miércoles, agosto 14, 2013

Tad Patzek on industrial ag

To read the full article:

The last chapter: Industrial agriculture

Tad Patzek

As I have argued in the previous three blogs, industrial agriculture is the largest human project that impacts the Earth more broadly than any other human activity.  One needs to keep in mind that compared with the global environmental impacts of industrial agriculture, a Macondo well-like blowout is a child's play.  I know it, because I co-wrote a book on this subject with the famous historian and archeologist, Joe Tainter.  For example, in the Amazon forest the underbrush fires set by humans affect 3 million square kilometers, an area of India.  See NASA for a summary of this global catastrophe.

Researchers for the first time mapped the extent and frequency of understory fires across a study area (green) spanning 1.2 million square miles (3 million square kilometers) in the southern Amazon forest. Fires were widespread across the forest frontier during the study period from 1999-2010. Recurrent fires, however, are concentrated in areas favored by the confluence of climate conditions suitable for burning and ignition sources from humans (who were burning the forest for soybean or sugarcane plantations). Image credit: NASA's Earth Observatory.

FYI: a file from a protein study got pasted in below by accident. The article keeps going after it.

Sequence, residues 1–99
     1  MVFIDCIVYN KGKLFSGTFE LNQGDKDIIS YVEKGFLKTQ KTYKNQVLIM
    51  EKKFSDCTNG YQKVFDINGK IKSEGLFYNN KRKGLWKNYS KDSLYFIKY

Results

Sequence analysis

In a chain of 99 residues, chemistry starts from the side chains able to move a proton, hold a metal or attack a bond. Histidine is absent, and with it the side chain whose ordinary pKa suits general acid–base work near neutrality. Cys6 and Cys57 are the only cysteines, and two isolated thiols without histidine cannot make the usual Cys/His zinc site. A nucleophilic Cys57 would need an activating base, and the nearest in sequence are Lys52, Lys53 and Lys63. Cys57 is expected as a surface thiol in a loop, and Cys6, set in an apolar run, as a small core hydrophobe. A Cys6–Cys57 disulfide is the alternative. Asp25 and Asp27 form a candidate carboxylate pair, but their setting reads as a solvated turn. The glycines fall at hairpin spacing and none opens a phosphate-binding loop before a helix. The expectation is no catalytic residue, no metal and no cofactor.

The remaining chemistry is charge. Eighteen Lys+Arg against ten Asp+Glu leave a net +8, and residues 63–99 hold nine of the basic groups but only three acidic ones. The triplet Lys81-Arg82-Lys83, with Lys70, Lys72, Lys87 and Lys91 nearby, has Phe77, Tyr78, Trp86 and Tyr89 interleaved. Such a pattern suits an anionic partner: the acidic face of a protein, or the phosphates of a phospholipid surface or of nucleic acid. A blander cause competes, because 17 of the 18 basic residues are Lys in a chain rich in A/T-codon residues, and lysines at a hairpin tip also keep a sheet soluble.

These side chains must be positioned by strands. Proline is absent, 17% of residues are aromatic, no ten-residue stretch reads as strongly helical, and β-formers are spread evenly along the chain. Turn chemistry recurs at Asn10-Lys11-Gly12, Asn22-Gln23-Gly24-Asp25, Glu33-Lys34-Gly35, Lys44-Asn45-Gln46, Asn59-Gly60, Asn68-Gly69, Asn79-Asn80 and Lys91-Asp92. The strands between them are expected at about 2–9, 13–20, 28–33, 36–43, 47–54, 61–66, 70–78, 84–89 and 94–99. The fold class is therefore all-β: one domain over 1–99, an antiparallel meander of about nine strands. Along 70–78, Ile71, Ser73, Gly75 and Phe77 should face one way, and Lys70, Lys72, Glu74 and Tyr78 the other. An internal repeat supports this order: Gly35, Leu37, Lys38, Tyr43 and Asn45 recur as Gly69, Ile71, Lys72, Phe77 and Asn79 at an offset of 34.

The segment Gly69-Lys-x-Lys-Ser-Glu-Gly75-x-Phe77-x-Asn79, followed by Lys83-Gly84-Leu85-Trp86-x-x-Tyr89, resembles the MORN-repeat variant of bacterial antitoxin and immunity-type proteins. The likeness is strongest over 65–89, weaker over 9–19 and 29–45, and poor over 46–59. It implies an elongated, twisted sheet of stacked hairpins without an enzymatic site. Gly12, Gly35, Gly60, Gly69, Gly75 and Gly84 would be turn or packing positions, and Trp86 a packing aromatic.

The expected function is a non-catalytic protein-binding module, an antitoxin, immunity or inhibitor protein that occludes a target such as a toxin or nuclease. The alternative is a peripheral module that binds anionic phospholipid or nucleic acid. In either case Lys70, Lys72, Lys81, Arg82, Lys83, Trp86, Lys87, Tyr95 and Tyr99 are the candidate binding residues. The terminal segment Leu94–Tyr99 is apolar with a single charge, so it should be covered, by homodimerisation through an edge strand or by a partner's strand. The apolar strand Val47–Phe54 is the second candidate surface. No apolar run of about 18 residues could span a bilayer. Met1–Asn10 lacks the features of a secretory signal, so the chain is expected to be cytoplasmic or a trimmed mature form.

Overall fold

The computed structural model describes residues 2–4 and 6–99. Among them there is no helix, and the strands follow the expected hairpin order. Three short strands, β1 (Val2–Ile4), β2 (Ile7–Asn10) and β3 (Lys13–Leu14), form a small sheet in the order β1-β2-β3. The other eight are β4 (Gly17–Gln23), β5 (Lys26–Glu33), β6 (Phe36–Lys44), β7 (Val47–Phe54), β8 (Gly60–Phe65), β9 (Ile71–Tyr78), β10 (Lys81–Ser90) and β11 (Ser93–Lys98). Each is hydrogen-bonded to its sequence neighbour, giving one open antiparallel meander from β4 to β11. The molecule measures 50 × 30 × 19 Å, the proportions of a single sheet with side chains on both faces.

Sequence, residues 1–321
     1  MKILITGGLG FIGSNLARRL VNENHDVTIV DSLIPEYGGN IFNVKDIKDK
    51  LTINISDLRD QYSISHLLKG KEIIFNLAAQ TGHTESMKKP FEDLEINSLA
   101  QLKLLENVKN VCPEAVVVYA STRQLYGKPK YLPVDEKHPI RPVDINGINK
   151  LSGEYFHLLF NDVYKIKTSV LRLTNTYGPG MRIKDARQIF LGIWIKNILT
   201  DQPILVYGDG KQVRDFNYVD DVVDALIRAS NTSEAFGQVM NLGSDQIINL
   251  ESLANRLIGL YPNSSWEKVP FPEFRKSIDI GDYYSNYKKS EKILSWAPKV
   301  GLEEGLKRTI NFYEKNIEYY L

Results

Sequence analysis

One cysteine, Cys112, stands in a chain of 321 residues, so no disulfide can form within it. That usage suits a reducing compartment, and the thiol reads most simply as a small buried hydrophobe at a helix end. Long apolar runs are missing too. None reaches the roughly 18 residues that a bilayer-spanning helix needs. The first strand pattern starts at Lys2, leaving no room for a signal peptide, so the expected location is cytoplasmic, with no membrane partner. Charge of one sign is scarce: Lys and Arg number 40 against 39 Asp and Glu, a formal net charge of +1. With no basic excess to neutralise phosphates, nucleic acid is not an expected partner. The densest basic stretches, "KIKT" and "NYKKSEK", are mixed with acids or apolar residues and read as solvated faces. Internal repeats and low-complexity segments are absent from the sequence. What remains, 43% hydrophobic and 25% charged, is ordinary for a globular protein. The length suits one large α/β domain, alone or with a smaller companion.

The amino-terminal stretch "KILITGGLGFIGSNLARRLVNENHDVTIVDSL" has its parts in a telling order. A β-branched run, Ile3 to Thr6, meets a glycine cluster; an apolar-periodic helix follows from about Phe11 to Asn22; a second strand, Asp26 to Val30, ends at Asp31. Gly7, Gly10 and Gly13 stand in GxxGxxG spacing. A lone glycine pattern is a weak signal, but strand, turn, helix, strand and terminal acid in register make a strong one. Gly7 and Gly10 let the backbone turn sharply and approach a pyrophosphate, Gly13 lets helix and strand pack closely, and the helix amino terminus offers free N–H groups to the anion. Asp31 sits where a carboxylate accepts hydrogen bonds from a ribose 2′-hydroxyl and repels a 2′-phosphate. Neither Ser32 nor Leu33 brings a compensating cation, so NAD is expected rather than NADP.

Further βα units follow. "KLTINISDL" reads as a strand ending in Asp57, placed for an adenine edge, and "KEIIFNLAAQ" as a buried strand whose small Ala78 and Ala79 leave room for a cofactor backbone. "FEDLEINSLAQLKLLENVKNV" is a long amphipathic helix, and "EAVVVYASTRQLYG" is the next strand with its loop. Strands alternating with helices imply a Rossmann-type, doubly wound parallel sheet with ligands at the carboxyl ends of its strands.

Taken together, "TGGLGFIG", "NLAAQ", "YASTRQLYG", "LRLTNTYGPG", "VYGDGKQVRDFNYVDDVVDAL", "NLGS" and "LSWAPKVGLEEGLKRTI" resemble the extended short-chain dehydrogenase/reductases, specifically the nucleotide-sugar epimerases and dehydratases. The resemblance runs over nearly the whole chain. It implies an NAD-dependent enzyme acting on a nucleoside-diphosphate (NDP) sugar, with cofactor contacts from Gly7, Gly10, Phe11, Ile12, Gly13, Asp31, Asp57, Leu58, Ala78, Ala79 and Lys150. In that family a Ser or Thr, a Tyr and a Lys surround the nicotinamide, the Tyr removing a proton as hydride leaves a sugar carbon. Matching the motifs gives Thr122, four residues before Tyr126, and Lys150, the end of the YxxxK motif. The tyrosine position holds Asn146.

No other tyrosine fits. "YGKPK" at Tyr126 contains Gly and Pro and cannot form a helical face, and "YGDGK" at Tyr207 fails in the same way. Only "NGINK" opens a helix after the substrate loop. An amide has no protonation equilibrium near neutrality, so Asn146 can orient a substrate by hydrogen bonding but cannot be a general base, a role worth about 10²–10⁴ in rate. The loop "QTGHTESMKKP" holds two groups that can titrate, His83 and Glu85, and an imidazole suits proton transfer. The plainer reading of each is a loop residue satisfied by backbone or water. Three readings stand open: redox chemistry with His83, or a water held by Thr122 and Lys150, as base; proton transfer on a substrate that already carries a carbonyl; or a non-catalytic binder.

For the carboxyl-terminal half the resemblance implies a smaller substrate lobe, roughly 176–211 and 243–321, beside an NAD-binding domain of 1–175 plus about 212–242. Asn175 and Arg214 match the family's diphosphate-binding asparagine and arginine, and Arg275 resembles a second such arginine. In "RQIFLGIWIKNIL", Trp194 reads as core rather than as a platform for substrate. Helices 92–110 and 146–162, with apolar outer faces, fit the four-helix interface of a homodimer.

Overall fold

From an ecological point of view, industrial agriculture creates open, permanently immature ecosystems, most of which are reset by humans each year. To make things worse, the simplified single-plant species agricultural ecosystems are doomed to fall prey to the ever-evolving pests and weeds.   One can prove this gaping vulnerability using thermodynamics, regardless of what Monsanto claims. Because agriculture usually creates baby, mostly bare ecosystems, agriculture is subject to huge soil erosion rates. Soil then becomes yet another depletable fossil resource. In a previous blog, I told you that industrial agriculture cannot be sustainable, because it is continuously subsidized with depleting fossil resources, including fossil water. If you want to check what we are doing with water, go no further thanAustralia.

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